On 22 December 1998, we received a delegation from the Sapporo Tourist Association which had been charged with finding a pipe organ for their new wedding chapel then under construction. Having cleaned the office and laid out little piles of information and gifts, we welcomed the delegation at about 11.00am and offered them coffee and biscuits. We then took them round the works and returned to the office to discuss their requirements over lunch.
Starting from our brochure, a number of possibilities were discussed and assessed for suitability alongside the drawings of the building that they had brought with them. Two manual organs were too expensive, continuo organs were too small to play the Mendelssohn Wedding March. The best that was going to fit in the space was an organ similar to the one we built for Stavanger Cathedral a few years ago. That was settled as being the basis for their instrument and then came the surprise. The organ would not always be played by an organist and had to have the facility of playing itself. Up to that point we had been assuming a mechanical action organ, and the idea of a player mechanism was not one we had considered.
We were reluctant to revert to electric action, for a number of reasons, not least that of reliability and maintenance some few hundred miles away from any organ builder. But the idea of combining mechanical action and a player mechanism was a challenge which sounded worthwhile.
After a little discussion, the president of the Sapporo Tourist Association stood up, shook hands and ordered the organ. Until relatively recently in Japan, some significant contracts running to millions of pounds would be agreed in this manner. Until then, our record for the time elapsed between submitting a proposal and receiving an order had been two days but this was less than two hours. Agreement having been reached, the party departed in their hired coach and went to look for a supplier of pews and other furnishings for the chapel.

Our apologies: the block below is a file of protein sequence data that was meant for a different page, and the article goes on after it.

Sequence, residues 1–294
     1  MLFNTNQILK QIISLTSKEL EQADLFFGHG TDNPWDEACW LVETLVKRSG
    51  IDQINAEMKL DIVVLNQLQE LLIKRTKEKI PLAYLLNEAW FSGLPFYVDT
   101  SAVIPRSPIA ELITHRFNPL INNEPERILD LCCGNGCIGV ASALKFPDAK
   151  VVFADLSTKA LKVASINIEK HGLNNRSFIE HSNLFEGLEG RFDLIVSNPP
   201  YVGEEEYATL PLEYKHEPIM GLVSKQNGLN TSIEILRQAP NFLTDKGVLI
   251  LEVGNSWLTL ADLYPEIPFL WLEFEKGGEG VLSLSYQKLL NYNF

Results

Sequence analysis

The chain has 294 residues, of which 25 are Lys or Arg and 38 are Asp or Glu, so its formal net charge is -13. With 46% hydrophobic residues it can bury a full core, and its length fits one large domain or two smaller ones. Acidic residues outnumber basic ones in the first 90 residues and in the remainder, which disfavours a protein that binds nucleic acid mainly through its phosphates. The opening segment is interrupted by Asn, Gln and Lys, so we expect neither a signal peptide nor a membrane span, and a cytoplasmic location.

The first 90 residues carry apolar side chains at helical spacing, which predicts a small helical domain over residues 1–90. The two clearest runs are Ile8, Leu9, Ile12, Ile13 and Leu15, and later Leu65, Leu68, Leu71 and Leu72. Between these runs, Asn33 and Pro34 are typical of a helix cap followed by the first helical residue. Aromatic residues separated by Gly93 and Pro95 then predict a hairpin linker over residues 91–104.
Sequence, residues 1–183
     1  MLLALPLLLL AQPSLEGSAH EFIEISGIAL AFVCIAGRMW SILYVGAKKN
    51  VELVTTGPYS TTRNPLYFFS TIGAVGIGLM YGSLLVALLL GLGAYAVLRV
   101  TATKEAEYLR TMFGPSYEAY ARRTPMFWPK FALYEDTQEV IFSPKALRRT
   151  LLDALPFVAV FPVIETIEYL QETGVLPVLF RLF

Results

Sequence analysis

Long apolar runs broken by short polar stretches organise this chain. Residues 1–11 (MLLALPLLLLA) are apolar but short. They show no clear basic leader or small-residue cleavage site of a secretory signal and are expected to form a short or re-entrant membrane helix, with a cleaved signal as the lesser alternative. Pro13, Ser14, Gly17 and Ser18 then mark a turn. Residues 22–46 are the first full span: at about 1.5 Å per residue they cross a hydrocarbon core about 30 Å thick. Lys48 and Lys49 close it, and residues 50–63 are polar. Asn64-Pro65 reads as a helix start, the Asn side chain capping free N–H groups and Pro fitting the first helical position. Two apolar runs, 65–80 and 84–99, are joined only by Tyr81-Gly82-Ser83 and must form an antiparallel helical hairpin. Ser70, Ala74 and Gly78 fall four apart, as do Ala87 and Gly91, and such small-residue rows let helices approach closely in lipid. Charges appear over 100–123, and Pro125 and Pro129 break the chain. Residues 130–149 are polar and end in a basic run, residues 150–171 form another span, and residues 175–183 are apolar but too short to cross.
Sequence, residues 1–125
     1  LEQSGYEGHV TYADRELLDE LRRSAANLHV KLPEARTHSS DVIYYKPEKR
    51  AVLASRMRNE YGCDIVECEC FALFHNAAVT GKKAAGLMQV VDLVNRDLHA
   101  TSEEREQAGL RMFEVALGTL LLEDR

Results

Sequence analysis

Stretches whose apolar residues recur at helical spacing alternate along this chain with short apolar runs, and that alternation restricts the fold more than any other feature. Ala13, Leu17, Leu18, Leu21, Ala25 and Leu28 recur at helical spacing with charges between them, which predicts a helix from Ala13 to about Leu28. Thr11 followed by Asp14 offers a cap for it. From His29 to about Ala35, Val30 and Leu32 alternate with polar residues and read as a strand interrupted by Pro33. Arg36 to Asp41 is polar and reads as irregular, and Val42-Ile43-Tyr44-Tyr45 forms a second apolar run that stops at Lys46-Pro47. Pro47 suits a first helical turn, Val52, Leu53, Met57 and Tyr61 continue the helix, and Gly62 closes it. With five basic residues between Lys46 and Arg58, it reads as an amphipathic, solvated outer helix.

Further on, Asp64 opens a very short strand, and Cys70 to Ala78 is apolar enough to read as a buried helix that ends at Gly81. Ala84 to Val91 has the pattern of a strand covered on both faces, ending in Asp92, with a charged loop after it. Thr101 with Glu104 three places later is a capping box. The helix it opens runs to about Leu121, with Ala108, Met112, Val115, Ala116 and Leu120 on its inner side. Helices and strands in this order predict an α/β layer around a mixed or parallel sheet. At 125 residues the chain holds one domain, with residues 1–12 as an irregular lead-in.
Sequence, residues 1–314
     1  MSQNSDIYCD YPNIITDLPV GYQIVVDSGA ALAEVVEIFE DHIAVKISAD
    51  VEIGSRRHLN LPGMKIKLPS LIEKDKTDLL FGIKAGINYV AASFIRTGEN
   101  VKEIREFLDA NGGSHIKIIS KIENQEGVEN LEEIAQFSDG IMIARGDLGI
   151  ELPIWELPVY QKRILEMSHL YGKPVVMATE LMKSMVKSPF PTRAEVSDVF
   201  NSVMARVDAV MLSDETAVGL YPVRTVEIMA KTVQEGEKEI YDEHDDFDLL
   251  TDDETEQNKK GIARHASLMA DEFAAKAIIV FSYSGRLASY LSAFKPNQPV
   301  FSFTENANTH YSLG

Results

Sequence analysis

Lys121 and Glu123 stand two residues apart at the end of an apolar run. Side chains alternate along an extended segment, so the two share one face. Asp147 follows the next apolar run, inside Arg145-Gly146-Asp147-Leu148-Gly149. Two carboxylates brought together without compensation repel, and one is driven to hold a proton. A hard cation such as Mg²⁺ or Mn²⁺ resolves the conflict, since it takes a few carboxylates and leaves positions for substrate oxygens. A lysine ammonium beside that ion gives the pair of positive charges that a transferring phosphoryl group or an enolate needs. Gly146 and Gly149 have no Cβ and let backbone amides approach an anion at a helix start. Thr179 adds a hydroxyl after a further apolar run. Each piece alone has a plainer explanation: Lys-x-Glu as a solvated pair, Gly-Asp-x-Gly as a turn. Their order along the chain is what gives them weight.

The contract was soon confirmed with a letter, and we had agreed the price and specification without really knowing how this would be done, but a telephone call to SSL at Brandon confirmed it could be done. Relief all round. That was the easy bit. It was agreed between Bethnal Green and Brandon that the key action would be mechanical with heavy duty pull-down magnets for the player mechanism, the drawstop action would be electric and the player mechanism would be using a MIDI system with the tunes on a computer floppy disk.
Unfortunately, there was not much time between the projected completion and shipping dates. This, together with the likelihood that the assembled state of the instrument in the workshop might not be complete enough at any one time for considered performance, suggested that there could be difficulties in engaging an organist at a specific time to achieve a guaranteed result. Certainly it was felt necessary to deliver the instrument complete with recordings, for this was the very purpose for which it had been ordered.
Project Leader Geoff McMahon
Technical Design Geoff McMahon
Construction Leslie Ross (Works Manager),
Mike Smith (Workshop Foreman)
Site Assembly John Mander, Nicholas v. Bandemer
Tonal Preparation Michael Blighton
Scaling John Mander